Silver has been a monetary metal and used in jewelry for thousands of years, but today, silver is powering the green energy transition and new tech innovation. With the greatest electrical conductivity of all metals, silver is used in electrical contacts and circuit boards, along with solar panels, electric vehicles, and 5G devices.
Behind the large collection of silver-dependent products and technologies is an active mining industry that must supply the necessary metal. So how exactly is the silver mined and produced?
This graphic from our sponsor Silver X walks us through how we mine and refine silver along with the growing demand for the metal which will fuel the economy of the future.
Like many other metals, silver is found in the Earth’s crust and primarily mined using heavy machinery and explosives.
Once a silver-bearing ore body has been identified and can be mined at a reasonable cost, the mining method is chosen depending on the nature of the ore body along with other factors like location and infrastructure:
While in open pit mining a huge volume of land is displaced across a large surface area, it is typically safer overall compared to underground mines.
Despite their differences, both methods ultimately use explosives to break up chunks of ore into easily transportable pieces that are then brought to crushing facilities for the next step.
Once the ore has been mined and transported out of the mine, it goes through a variety of crushers which break down the ore into small chunks. The chunks of silver ore are crushed and ground into a fine powder, allowing for the separation process to begin.
There are two primary methods of silver separation, and both involve mixing the silver ore powder with water to form a slurry.
In the flotation process of separation, chemicals are added to the slurry to make any silver and lead water repellent. Air bubbles are then blown through the slurry, with the silver and lead sticking to the bubbles and rising to the top of the slurry where they are separated and dried out.
In the tank leaching and Merill-Crowe process, cyanide is added to the slurry to ensure the silver dissolves into the solution. Then, solids are filtered out in a settling tank, with the silver solution deaerated before zinc powder is added. The solution then passes through a set of filter plates and presses which collect the zinc and silver precipitate which is dried off.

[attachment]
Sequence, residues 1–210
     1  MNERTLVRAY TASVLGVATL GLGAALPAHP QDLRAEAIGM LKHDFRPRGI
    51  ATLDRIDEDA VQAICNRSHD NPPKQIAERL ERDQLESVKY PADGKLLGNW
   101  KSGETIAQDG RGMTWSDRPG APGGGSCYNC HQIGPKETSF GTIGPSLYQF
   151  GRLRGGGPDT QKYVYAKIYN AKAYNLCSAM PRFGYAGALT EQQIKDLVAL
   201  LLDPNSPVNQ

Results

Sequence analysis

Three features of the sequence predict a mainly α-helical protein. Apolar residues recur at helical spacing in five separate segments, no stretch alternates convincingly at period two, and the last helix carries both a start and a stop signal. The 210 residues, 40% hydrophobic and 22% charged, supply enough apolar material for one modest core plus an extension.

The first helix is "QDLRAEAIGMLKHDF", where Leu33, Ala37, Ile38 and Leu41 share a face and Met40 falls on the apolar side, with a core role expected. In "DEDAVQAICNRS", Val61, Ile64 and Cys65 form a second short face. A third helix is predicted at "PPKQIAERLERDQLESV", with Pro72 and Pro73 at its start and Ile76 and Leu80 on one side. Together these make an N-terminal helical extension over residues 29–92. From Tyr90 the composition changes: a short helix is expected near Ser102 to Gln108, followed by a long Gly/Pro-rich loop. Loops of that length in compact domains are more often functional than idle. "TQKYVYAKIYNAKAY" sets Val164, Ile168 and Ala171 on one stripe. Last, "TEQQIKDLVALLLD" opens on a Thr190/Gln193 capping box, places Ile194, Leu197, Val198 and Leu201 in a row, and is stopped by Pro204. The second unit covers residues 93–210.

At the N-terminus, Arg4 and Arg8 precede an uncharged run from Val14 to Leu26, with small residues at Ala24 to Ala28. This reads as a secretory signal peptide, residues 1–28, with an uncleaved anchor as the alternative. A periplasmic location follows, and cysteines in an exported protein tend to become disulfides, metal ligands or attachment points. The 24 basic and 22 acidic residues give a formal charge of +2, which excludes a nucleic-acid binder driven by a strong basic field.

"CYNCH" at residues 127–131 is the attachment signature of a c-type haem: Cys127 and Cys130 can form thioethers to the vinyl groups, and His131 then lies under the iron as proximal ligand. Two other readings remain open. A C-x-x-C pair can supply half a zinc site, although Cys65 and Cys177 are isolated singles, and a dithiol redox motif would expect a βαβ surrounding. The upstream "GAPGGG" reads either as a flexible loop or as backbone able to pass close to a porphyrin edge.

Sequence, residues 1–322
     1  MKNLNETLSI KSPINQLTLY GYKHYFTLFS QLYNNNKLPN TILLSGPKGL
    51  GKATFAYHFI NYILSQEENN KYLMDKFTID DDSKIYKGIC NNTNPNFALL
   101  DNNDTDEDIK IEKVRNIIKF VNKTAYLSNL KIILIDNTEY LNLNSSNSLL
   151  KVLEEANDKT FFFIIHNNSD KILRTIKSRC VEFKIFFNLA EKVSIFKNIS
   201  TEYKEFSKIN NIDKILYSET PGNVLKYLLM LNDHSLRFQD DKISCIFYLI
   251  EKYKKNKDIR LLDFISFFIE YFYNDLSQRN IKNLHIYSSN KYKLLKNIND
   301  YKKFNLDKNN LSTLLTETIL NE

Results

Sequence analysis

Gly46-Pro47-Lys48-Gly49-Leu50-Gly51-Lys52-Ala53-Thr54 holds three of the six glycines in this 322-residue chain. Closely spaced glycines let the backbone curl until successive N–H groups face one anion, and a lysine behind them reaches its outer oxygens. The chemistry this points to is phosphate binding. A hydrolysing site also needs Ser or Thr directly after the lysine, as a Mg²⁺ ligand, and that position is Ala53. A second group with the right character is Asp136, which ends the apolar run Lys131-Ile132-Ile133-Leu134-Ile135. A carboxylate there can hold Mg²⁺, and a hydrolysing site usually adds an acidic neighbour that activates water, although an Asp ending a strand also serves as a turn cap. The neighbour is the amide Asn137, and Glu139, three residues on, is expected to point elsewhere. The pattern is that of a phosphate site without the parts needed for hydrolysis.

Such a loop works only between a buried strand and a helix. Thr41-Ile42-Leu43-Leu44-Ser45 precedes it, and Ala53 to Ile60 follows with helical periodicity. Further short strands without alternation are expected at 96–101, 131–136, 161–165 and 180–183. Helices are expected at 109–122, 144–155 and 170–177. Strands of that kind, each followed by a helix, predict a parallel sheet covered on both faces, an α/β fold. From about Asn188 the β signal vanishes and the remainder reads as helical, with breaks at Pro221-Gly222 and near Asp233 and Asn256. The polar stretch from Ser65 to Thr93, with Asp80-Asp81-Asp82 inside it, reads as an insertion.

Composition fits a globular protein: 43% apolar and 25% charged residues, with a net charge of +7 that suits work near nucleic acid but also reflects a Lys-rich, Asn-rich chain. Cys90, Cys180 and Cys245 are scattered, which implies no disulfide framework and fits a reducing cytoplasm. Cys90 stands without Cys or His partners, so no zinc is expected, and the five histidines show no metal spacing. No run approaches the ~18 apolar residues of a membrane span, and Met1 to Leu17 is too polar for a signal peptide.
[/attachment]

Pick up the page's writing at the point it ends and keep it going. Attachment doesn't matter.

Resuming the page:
Once the silver ore has been largely broken down and separated from much of the waste rock, the silver must be completely extracted from the remaining metals. Typically, two different processes are used depending on the other metal that must be separated from.
In 2020, 784.4 million ounces of silver were mined across the world according to Metals Focus. While production is forecasted to increase by ~8% to reach 848.5 million ounces in 2021, it’s still greatly outpaced by growing demand for silver.
Silver demand is forecasted to see a 15% YoY increase from 2020’s 896.1 million ounces to 1,033 million ounces forecasted for 2021. Solar panels have been one of the largest industrial drivers for silver demand, with demand more than doubling since 2014, from 48.4 million ounces to 105 million ounces forecasted for 2021.
Investment has also been a key demand driver for silver, especially since Reddit’s WallStreetBets crowd began pursuing the possibility of a silver short squeeze. Net physical investment demand rose 29.4% from 2017’s 156.2 million ounces to 200.5 million ounces in 2020, and 2021 is forecasted to see a 26.1% increase with a net investment demand of 252.8 million ounces.
Whether driven by investors or industries, silver is in high demand as the world shifts to newer and greener technologies. The process of silver mining, extraction, and refining will continue to play a pivotal role in supplying the world with the silver it needs.
(This article first appeared in the Visual Capitalist Elements)